Many of the children's garments displayed here look like miniature versions of adult clothing, as children in traditional societies were considered adults-in-the-making from an early age. (The idea of long, distinct periods of childhood is a relatively recent concept, which began to emerge in Europe around the 17th century and eventually spread to other cultures.) In the Baghdad community, for example, the outfit worn by an eight-day-old baby boy at his circumcision resembled the coat worn by a bridegroom. But important additions accompanied many of the adult-looking clothes of babies and toddlers: special amulets to protect them from harm, at a time when child mortality was widespread.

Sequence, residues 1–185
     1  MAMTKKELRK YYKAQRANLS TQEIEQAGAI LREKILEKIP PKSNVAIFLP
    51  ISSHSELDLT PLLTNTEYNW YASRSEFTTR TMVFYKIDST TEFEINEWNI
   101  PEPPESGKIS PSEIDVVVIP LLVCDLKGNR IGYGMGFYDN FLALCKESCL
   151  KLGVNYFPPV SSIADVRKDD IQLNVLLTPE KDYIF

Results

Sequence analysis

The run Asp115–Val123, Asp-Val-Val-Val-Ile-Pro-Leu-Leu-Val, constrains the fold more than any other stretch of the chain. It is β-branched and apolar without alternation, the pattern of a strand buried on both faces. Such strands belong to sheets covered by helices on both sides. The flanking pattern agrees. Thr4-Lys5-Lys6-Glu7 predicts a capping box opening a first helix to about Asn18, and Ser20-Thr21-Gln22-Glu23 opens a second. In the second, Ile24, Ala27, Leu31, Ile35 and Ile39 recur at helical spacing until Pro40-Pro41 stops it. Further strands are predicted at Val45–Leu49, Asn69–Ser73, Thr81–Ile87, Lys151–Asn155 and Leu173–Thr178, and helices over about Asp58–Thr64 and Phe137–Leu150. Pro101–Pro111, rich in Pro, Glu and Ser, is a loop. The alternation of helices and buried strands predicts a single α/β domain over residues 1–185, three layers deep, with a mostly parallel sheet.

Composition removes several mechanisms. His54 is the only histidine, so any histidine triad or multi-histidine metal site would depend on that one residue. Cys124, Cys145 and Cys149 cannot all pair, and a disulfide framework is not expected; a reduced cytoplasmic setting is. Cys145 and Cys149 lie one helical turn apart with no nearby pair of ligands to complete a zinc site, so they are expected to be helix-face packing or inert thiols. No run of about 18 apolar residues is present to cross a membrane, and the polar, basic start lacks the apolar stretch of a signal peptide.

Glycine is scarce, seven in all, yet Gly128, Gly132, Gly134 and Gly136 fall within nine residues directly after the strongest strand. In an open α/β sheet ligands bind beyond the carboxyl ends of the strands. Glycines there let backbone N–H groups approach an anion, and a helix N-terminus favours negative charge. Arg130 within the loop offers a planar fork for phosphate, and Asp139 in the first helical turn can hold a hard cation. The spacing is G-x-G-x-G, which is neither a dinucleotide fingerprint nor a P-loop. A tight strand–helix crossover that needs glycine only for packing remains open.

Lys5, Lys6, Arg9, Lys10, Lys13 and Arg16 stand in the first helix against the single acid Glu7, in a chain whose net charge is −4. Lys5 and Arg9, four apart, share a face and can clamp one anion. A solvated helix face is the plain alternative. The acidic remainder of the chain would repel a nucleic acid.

Because traditional societies placed a higher value on male children, in some communities an attempt was made to confuse the evil forces intent on harming young boys by dressing them in girls' clothing. Later on, the Western idea of using color – blue for boys and pink for girls ¬– to distinguish between boys and girls also exerted an influence. Today the tendency to blur age and gender identity has made a comeback, though for very different reasons: age-appropriate clothing is no longer popular, as women wear youthful fashions and little girls dress like grown-ups, and gender-specific colors have become politically incorrect.